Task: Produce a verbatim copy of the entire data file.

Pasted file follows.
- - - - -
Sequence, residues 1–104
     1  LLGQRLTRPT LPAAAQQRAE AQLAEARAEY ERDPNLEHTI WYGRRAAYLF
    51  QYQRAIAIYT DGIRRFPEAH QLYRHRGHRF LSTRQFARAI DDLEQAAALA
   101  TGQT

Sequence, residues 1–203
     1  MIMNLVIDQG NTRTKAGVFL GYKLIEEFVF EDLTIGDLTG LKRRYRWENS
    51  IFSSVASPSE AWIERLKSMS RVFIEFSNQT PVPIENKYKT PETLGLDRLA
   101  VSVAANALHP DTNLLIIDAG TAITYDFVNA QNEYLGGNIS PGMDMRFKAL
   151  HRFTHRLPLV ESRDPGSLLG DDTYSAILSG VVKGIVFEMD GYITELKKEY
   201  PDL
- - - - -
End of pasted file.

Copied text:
Sequence, residues 1–104
     1  LLGQRLTRPT LPAAAQQRAE AQLAEARAEY ERDPNLEHTI WYGRRAAYLF
    51  QYQRAIAIYT DGIRRFPEAH QLYRHRGHRF LSTRQFARAI DDLEQAAALA
   101  TGQT

Sequence, residues 1–203
     1  MIMNLVIDQG NTRTKAGVFL GYKLIEEFVF EDLTIGDLTG LKRRYRWENS
    51  IFSSVASPSE AWIERLKSMS RVFIEFSNQT PVPIENKYKT PETLGLDRLA
   101  VSVAANALHP DTNLLIIDAG TAITYDFVNA QNEYLGGNIS PGMDMRFKAL
   151  HRFTHRLPLV ESRDPGSLLG DDTYSAILSG VVKGIVFEMD GYITELKKEY
   201  PDL